Just imagine what will happen if you share a joint credit card with your spouse or girlfriend and over time, decide to break up. If you have divorced on a bitter note then paying the credit card bill will become even more difficult. If your ex-spouse is delinquent, then she will definitely try to spend a lot in order to make you 'pay' for it. Irrespective of what the divorce decree dictates, the credit card issuing company will hold the original credit card account to be true. This means that you and your ex-spouse will be liable to pay the bill irrespective of who has made the purchases.
Once you sign-up for a joint account, it will not be easy to just get off the account. This is even more stringent when you have an outstanding balance on the account. Unless you pay the outstanding balance in full, you will not be entitled to make any changes to the account. Hence, it is advisable that you first pay the balance off and withdraw your name from the account.
The main problem with this kind of financial arrangement is that even the person who has not spent using the credit card is held liable for a credit card mess. Both the persons are held equally liable and legally responsible for the payment of the debt. Credit card companies have the right to recover the dues from any one in the couple. For instance, even if you did not agree with your partner's decision to spend extravagantly on a treadmill, you will be pursued for the payment of the amount that she has charged on the credit card. This means that even if you are innocent, you could be sued for the amount and the credit card company could even garnish your wages.
Many people use a joint credit card as a financial tool to 'ax their ex' after a bitter divorce or break-up. Knowing that the other person also shares the liability of the bill payment, they go on a shopping spree in order to seek revenge. This not only makes the other person pay for the bill but it also hurts his credit standing. In fact, if the defaulter does not have a good credit history in the first place, he does not stand to lose anything even if the card gets maxed out.
Imagine a scenario where you own a higher limit joint credit card with your spouse. Consider that you are a meticulous credit card user while she is a spendthrift. One day you are shocked to see the statement that your credit card has maxed out because of her extravagant spending. As a considerable percentage of your credit score will depend on the usage of your available credit, this will not only cause her credit score to go down the drain, but will also pull yours along with it. Also, if you cross your credit limit you may incur additional over-the-limit charges. Your rate of interest may also increase because of this. Hence, it is best to avoid joint credit card accounts to avoid your credit card from maxing out.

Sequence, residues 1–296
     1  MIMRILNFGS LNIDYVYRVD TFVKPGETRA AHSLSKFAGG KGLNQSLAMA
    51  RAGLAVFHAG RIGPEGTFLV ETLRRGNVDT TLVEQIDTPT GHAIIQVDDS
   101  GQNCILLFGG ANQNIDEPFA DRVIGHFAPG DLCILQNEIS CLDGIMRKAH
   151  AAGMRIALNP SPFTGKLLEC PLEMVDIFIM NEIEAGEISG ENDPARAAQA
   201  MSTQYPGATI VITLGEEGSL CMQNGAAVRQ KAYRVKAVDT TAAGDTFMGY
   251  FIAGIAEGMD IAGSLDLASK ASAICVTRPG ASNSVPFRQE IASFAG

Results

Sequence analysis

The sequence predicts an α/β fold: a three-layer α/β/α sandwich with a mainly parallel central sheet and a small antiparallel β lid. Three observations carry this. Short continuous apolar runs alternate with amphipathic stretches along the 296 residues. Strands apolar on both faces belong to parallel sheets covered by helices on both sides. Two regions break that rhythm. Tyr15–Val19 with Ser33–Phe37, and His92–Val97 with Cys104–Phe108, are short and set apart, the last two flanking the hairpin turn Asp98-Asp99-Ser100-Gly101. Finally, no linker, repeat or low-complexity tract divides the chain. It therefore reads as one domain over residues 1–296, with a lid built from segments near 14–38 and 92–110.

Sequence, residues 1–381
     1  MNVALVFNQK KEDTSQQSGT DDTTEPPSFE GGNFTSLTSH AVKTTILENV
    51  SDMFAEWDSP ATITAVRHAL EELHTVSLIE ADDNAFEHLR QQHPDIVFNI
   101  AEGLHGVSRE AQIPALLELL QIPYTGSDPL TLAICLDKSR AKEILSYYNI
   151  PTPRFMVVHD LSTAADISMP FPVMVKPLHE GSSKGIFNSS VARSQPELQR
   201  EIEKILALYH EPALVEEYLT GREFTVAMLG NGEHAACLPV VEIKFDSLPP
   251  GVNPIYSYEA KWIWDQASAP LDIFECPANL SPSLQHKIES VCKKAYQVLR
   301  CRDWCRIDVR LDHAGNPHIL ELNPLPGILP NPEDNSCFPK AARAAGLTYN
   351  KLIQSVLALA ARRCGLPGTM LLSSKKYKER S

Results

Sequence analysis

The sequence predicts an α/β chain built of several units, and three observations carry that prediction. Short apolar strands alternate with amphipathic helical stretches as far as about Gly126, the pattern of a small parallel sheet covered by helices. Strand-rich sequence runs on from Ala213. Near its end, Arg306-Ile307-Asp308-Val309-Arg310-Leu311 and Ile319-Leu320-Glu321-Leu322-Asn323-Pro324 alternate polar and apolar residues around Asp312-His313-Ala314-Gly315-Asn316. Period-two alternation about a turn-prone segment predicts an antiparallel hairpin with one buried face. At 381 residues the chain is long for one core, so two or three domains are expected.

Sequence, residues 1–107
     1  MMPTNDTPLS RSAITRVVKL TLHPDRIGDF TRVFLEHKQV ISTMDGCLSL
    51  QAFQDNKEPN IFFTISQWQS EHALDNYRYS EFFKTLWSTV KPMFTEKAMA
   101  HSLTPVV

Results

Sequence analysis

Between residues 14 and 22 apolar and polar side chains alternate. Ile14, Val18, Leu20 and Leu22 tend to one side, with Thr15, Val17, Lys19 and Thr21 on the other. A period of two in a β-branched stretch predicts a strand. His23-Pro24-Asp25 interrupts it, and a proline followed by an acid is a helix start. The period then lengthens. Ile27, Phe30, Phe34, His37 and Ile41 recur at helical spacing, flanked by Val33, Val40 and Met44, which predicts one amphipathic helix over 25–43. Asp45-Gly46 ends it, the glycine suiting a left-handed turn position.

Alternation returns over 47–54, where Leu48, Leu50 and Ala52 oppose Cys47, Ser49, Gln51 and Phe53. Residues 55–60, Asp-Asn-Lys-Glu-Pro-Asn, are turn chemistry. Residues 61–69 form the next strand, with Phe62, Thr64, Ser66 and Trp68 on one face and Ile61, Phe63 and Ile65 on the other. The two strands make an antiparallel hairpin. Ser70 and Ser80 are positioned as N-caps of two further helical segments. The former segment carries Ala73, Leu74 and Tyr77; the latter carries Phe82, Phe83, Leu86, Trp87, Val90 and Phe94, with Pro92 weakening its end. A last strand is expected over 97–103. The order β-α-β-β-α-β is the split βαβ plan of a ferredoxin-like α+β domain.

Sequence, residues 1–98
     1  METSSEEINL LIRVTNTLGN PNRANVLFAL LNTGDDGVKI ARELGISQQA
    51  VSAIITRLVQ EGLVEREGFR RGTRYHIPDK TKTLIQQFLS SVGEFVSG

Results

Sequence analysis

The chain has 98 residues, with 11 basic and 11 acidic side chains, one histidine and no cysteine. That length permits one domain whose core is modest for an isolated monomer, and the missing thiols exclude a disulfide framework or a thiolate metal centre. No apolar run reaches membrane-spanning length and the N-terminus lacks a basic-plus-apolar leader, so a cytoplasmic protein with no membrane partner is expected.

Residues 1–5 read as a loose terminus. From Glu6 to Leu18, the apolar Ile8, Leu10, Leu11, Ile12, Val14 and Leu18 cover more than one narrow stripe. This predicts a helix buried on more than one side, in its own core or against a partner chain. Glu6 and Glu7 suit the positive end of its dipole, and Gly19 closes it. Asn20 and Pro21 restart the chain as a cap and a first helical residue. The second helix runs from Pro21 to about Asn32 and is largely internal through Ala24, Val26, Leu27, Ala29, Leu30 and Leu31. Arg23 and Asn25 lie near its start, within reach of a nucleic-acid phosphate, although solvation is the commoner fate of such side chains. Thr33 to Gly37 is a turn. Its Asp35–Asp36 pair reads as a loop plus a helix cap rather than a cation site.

The risk of a negative impact on your credit rating is among the disadvantages of using joint credit cards. If you have a good credit score and your spouse has a bad one, getting a joint credit card can help enhance her credit score. However, just imagine what would happen if she does not mend her spending habits. Your credit score will also suffer because of that. If she causes the card to max out, to land you in a credit card debt, or even defaults on regular payment, it will all reflect on your credit score as well. Getting a joint credit card with a person who has a bad credit history is a risk in itself. This is more impacting in case of a break up. Hence, you must take this decision only after weighing all the pros and cons of using a joint credit card.
▸ Check your balance regularly.
▸ Intimate each other if you are charging something on the card.
▸ Set a budget for spending.
▸ Decide and distribute the bill amount.
If your ex-spouse is misusing your joint credit card, write to your credit card issuing company and make them aware of the situation. Ensure that you tell them that once the balance is paid, the account should be closed. Send the letter through a certified mail, in order to use it as a proof. Do this at the earliest, or it may ding your credit score. On weighing the pros and cons, decide for yourself if your spouse is worthy enough to be trusted with your money and credit. Remember, if the relationship does not work out the way you expected it to, you will also have to face the financial ramifications. Hence, it is advisable to keep separate credit cards.
Now that you know about the advantages and disadvantages of joint credit cards, make sure that you have strong reasons before you go on to get one. Think twice before mixing money and relationships.